Patients with advanced chronic kidney disease (CKD) represent a high-risk group who may not benefit from elective endovascular aneurysm repair (EVAR) for abdominal aortic aneurysms (AAAs) under traditional sizing criteria.
That was among the chief findings in a paper presented by Mitri Khoury, MD, who recently completed his residency at the University of Texas Southwestern in Dallas and a current fellow at the Massachusetts General Hospital, and colleagues, presented at the 2022 Western Vascular Society annual meeting in Victoria, British Columbia, Canada (Sept. 17–20).
Those with CKD ranked 3b, 4, and 5—found to be high-risk—had worse one-year mortality rates compared to the remainder of the cohort, Khoury et al report, with CKD 1–3b patients showing a one-year mortality benefit following EVAR regardless of AAA size. “CKD 4 patients had no demonstrable benefit following EVAR at any AAA size. CKD 5 patients had worse actual one-year mortality rates with EVAR than predicted one-year mortality without EVAR for AAAs <5.5cm, although there was a mortality benefit with EVAR for AAAs >7.0cm in the CKD 5 group,” they elaborate.
The patient pool was derived from the Vascular Quality Initiative (VQI), with nearly 35,000 patients meeting the study criteria. Some 8,183 (23.4%) were classed as CKD 1 patients, 16,888 (48.4%) CKD 2, 6,038 (17.3%) 3a, 2,708 (7.8%) 3b, 624 (1.8%) 4, and 485 (1.4%) CKD 5.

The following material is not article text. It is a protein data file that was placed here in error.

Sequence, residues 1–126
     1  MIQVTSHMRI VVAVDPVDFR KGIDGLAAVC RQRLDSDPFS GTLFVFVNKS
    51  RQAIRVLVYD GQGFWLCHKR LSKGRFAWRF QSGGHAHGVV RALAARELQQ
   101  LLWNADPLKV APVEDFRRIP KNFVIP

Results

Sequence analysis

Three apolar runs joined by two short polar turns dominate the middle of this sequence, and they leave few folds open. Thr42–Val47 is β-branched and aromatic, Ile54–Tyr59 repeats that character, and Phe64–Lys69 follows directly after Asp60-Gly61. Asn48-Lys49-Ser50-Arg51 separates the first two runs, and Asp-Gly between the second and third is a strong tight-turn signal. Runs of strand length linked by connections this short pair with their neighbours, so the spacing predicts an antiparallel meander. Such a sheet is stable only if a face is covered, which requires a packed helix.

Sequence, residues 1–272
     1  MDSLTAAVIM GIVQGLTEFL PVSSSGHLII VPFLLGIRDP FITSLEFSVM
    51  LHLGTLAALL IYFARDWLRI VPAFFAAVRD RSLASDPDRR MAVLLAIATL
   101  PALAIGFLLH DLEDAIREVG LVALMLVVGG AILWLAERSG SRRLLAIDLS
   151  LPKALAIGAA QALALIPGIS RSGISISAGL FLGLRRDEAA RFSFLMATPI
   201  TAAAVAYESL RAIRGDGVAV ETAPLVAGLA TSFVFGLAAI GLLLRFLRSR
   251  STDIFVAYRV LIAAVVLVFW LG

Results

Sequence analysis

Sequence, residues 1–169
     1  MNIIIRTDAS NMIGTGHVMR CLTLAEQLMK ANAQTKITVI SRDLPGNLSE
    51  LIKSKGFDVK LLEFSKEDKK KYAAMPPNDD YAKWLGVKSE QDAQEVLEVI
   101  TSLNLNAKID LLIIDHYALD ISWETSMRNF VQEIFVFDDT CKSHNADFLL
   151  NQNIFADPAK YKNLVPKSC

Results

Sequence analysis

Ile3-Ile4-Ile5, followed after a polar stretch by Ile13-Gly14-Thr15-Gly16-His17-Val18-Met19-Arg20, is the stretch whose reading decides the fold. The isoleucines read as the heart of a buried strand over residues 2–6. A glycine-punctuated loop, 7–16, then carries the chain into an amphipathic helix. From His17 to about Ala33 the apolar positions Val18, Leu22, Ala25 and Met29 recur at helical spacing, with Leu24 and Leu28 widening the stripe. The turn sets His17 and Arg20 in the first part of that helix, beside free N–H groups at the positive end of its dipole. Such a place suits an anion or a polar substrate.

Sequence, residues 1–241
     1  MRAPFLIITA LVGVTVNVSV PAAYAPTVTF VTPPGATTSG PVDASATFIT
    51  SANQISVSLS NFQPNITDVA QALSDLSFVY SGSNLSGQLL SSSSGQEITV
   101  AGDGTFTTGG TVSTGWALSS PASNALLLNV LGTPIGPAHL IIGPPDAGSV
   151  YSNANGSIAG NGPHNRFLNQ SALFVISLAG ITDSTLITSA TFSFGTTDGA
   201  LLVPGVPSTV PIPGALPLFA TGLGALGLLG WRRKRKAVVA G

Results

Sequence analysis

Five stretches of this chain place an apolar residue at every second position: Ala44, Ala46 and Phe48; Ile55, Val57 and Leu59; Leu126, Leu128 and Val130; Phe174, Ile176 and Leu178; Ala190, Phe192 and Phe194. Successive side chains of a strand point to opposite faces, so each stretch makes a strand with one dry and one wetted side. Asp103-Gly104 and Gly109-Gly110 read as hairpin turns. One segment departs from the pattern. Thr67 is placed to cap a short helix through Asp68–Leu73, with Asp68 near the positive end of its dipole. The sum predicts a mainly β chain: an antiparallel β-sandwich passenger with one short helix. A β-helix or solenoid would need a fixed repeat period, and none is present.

The research team noted notable differences in the baseline and operative characteristics: CKD 5 patients were less likely to be fully functional and were more likely to have a prior aortic aneurysm repair than the remainder of the cohort, while patients with CKD 1 and 2 had the lowest Gagne Indices, the measure used “to understand which subset of patients with CKD are most likely to experience a survival benefit following elective EVAR for AAAs,” while patients with CKD 3b and 4 had the highest.
Patients with CKD 3b, 4, and 5 had the longest operative times, they find. Khoury and colleagues comment that their study is noteworthy owing to the fact that it suggested CKD 5 patients being intervened on for AAAs less than 5.5cm “may be harmed if offered EVAR.”
They explain: “The indication for repair for AAAs <5.5cm is unclear in this study. Nonetheless, we did find that CKD 5, in addition to CKD 1, had the highest proportion of patients with concomitant iliac artery aneurysms. Therefore, there is a possibility that the indication for repair was the iliac artery aneurysm rather than the AAA. This would lead to an underestimation of the predicted one-year mortality rate in these patients since the rupture risk of the iliac artery aneurysm was not accounted for with our methodology. The VQI defines an iliac artery aneurysm as anything greater than 2cm, which is below the recommended threshold for repair of 3.5cm, so we are unable to ascertain in the current study whether the iliac artery aneurysm was the indication for repair among patients with AAAs <5.5cm.”
In an interview with Vascular Specialist, Khoury explained that combining the Gagne index and the predictive aneurysm-related mortality based off aneurysm size yields the prediction without repair. “We compared the prediction of one-year mortality without EVAR vs. what their actual one-year mortality is with EVAR, and then figure out which patients may benefit for repair,” he said. “This is obviously not a randomized-controlled trial, but what we found suggests that with advanced CKD patients, the underlying comorbidities are so high, the size threshold should be a little bit higher in these patients.”